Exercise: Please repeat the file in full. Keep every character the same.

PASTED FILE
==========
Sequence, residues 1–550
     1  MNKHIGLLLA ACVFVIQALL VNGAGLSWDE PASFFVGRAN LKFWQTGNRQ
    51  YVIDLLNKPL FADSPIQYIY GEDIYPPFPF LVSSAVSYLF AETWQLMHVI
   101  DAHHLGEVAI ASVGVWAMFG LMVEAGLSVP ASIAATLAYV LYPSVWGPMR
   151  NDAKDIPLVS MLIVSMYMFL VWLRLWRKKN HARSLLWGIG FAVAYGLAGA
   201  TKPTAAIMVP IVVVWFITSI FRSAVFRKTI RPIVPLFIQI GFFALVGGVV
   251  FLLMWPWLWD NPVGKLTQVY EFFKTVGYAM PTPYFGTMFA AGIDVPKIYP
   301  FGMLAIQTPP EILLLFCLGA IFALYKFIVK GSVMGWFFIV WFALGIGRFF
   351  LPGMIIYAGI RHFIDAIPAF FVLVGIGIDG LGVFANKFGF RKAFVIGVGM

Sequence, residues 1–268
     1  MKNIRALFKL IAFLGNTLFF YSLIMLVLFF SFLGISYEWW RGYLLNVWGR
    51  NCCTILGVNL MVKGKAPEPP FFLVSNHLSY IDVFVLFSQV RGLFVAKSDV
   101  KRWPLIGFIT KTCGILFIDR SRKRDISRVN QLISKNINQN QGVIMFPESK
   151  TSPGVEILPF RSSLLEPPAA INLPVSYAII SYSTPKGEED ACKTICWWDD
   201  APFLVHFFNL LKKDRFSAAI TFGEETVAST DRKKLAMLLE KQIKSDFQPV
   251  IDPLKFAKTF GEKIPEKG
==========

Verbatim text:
Sequence, residues 1–550
     1  MNKHIGLLLA ACVFVIQALL VNGAGLSWDE PASFFVGRAN LKFWQTGNRQ
    51  YVIDLLNKPL FADSPIQYIY GEDIYPPFPF LVSSAVSYLF AETWQLMHVI
   101  DAHHLGEVAI ASVGVWAMFG LMVEAGLSVP ASIAATLAYV LYPSVWGPMR
   151  NDAKDIPLVS MLIVSMYMFL VWLRLWRKKN HARSLLWGIG FAVAYGLAGA
   201  TKPTAAIMVP IVVVWFITSI FRSAVFRKTI RPIVPLFIQI GFFALVGGVV
   251  FLLMWPWLWD NPVGKLTQVY EFFKTVGYAM PTPYFGTMFA AGIDVPKIYP
   301  FGMLAIQTPP EILLLFCLGA IFALYKFIVK GSVMGWFFIV WFALGIGRFF
   351  LPGMIIYAGI RHFIDAIPAF FVLVGIGIDG LGVFANKFGF RKAFVIGVGM

Sequence, residues 1–268
     1  MKNIRALFKL IAFLGNTLFF YSLIMLVLFF SFLGISYEWW RGYLLNVWGR
    51  NCCTILGVNL MVKGKAPEPP FFLVSNHLSY IDVFVLFSQV RGLFVAKSDV
   101  KRWPLIGFIT KTCGILFIDR SRKRDISRVN QLISKNINQN QGVIMFPESK
   151  TSPGVEILPF RSSLLEPPAA INLPVSYAII SYSTPKGEED ACKTICWWDD
   201  APFLVHFFNL LKKDRFSAAI TFGEETVAST DRKKLAMLLE KQIKSDFQPV
   251  IDPLKFAKTF GEKIPEKG